Back to another one of the fool reporter’s statements:

Yet many Americans apparently still believe they are the enemies the military is preparing to fight.

Well, yeah. What are we supposed to believe when our government calls its own freedom-loving citizens “terrorists” while allowing real terrorists into our country through its unsecured borders? And, if you want real terrorism, how about what our government and its law enforcement are doing to American citizens? They are forcing vaccinations on people, killing Americans through police shootings and drone strikes, and groping us at airports. And that’s just for starters. I guess pointing these things out makes me a “terrorist.” But what does it make those who vilify me for pointing out such things?

I don’t think I’m particularly alarmist, although many would likely disagree. However, it feels like something’s coming and it doesn’t seem good. My suggestion is to watch and PRAY, although I have a hard time watching these days. It’s become too much to look at, like everything is coming at you at once. Perhaps God is nudging us to look away from the evil and to focus on Him. The Scriptures say that anything that kills, steals, or destroys is evil. Destroying our freedom is evil. However, they can never steal the freedom we have in Christ because it’s beyond their grasp. We can have peace, and even joy, in the midst of the chaos. I recommend peace and joy, if for no other reason than we can have them and the evil ones can’t.

Walmart closing 5 stores for plumbing problems – for 6 months!

Maybe Walmart suddenly closed five of its stores for plumbing problems. Or, maybe not. I don’t trust the Walmart company. Remember when they played Janet Napolitano’s Homeland Security announcements on their stores’ annoying television screens? No, I don’t trust them at all. I think their stores will one day be government distribution centers, or worse. Here are excerpts from local news agencies about the five stores:

Texas:

An unexpected Walmart closure in Midland has more than 400 employees out of a job. The Wal-Mart Corporation claims the store must close to repair major plumbing issues they have had for years…

According to Walmart representatives, the store had dealt with more than 100 problems in the last couple of years. Morales says the news was even more surprising to him because the location has never failed an inspection.

Texas:

Walmart is closing the Livingston store for six months starting Monday night for renovations and displacing around 400 workers in the process, according to a company official.

Southern California:

Customers arriving at a Southern California Walmart were shocked and dumbfounded to find its doors closed Tuesday with signs posted on it that read: “Closed indefinitely.” Also in disbelief were the hundreds of workers who depended on the Pico Rivera superstore for jobs…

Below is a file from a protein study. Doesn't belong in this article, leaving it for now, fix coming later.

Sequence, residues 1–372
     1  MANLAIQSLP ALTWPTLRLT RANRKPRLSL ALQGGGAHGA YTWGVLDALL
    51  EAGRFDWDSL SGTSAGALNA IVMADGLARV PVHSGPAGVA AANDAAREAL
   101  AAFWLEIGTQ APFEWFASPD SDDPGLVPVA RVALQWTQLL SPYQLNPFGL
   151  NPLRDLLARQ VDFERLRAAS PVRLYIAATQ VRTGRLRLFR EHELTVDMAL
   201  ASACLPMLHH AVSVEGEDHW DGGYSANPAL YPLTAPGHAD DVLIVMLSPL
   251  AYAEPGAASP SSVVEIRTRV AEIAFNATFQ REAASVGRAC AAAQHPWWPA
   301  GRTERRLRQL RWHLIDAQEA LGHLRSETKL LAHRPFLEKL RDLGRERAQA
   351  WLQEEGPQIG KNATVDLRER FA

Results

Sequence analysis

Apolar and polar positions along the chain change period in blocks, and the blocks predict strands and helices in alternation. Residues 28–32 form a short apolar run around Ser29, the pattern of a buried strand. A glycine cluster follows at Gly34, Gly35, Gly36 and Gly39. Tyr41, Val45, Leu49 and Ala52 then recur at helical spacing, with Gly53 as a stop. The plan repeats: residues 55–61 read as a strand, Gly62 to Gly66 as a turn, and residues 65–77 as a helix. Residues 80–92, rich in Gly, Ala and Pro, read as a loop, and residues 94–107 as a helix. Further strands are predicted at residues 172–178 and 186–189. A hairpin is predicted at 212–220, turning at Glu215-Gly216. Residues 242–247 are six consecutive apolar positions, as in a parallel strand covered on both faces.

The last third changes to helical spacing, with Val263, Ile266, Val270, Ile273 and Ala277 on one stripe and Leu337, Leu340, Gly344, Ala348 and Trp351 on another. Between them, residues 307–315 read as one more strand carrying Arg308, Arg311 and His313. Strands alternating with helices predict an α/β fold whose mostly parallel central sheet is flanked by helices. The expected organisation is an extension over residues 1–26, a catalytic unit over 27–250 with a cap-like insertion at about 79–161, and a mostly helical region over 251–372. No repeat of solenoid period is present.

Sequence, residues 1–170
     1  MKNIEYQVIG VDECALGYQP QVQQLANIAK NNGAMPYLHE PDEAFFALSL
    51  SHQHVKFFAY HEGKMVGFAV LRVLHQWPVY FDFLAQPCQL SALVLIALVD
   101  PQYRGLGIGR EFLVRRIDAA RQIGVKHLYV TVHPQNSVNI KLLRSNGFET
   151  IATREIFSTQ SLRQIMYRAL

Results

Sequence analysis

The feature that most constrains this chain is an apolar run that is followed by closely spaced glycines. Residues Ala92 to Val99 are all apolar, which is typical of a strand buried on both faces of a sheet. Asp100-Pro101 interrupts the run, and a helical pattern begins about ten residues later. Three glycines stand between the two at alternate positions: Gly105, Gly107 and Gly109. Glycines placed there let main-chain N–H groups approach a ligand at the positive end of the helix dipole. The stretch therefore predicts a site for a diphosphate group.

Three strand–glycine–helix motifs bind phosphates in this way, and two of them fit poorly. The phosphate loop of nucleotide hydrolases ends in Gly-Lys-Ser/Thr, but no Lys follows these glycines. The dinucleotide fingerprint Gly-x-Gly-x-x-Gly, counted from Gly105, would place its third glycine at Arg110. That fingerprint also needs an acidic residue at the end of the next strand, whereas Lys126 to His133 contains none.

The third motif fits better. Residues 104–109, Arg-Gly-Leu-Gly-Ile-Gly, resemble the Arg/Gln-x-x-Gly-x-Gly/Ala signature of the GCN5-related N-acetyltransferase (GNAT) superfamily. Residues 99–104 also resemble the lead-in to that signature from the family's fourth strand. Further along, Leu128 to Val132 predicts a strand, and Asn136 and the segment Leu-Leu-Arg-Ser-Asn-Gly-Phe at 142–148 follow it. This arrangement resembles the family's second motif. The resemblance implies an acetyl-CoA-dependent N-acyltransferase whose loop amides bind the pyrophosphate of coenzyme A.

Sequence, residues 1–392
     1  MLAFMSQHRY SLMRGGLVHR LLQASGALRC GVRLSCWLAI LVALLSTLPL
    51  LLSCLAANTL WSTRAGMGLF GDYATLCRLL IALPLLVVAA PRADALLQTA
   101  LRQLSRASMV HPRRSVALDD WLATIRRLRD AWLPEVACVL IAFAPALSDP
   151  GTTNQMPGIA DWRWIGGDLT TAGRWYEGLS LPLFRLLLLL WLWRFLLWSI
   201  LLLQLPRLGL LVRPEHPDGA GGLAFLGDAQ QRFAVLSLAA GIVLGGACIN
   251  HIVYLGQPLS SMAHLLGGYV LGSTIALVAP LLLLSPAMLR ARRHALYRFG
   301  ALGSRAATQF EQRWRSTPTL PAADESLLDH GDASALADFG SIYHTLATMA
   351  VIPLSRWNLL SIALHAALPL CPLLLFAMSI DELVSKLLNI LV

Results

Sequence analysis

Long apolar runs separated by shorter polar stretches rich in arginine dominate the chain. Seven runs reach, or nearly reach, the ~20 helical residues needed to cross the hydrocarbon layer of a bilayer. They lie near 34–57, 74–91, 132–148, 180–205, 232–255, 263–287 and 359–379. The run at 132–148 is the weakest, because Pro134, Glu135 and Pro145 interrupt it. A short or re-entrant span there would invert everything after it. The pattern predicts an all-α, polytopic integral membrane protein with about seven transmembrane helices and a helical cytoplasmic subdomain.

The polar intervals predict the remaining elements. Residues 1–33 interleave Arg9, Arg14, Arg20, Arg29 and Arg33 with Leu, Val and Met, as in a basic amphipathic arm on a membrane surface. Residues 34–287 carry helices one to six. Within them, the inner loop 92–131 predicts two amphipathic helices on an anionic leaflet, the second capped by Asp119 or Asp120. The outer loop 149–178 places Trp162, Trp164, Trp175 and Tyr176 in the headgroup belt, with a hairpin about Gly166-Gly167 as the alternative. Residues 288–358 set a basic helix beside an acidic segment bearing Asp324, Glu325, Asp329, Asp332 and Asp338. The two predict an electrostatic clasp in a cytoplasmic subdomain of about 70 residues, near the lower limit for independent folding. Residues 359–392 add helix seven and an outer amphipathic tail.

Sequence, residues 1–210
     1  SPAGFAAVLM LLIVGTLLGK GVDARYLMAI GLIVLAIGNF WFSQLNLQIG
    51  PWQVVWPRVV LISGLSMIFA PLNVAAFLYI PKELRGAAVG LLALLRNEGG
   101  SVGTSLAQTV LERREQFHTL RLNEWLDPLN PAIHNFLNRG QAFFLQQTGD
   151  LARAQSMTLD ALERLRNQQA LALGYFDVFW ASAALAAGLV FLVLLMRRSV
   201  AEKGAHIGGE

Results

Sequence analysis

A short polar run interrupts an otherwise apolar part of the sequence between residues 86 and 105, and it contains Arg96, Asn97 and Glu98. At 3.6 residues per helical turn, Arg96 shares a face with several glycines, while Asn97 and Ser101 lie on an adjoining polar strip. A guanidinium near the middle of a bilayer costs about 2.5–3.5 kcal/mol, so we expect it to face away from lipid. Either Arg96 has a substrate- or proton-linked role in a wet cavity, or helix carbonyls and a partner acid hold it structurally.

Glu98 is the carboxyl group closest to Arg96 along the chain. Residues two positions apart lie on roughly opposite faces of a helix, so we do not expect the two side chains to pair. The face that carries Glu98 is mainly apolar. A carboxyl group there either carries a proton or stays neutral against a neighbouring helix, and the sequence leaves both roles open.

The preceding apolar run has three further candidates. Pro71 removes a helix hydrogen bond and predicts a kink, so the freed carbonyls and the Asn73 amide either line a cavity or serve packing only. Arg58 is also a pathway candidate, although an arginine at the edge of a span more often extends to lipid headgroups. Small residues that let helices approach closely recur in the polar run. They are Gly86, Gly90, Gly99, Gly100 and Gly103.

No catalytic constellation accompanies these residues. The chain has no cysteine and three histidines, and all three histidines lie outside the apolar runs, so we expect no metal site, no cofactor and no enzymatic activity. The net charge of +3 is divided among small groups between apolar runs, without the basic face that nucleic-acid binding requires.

The store on the 8500 block of Washington Boulevard closed at 2 p.m Monday to address serious plumbing problems, like persistent leaks and clogs, that resulted in over 100 incidents over the years.

A staff member told NBC4 the 500-strong workforce was laid off at the store, which they claimed is projected to be closed for six months to a year. Others claimed the move was retaliation for workers demanding better conditions and pay.

Florida:

The store closed Monday at 6 p.m. because of the ongoing plumbing issues. The employee News Channel 8 talked with said a sewage backup is the likely culprit.

The issues “require extensive repairs,” Walmart spokesman Amanda Hennenberg said in a statement. The store is located at 1208 E. Brandon Blvd.

Oklahoma:

The Tulsa Walmart that closed its doors Monday night was one of five stores across the country temporarily closing due to plumbing issues…Walmart says the Tulsa store has seen over a hundred instances of plumbing issues at the store and that’s why it needs to close for up to 6 months…

The retailer says it will have to go in with jack hammers and heavy equipment to fix the plumbing issue.

From Investment Watch:

What is going on? I just heard that numerous Wal-Mart stores from Texas to Florida are closing immediately for 6 month period due to “plumbing problems.” There was no pre-announcement and the store shelves were fully stocked. They even had to discount frozen goods 50% to get rid of the stock. They have given all employees a 2 month severance pay. Does this have anything to do with Jade Helm? I have heard that Wal-Mart has a contract with DHS to act as a command and logistics center for FEMA in case of a national emergency.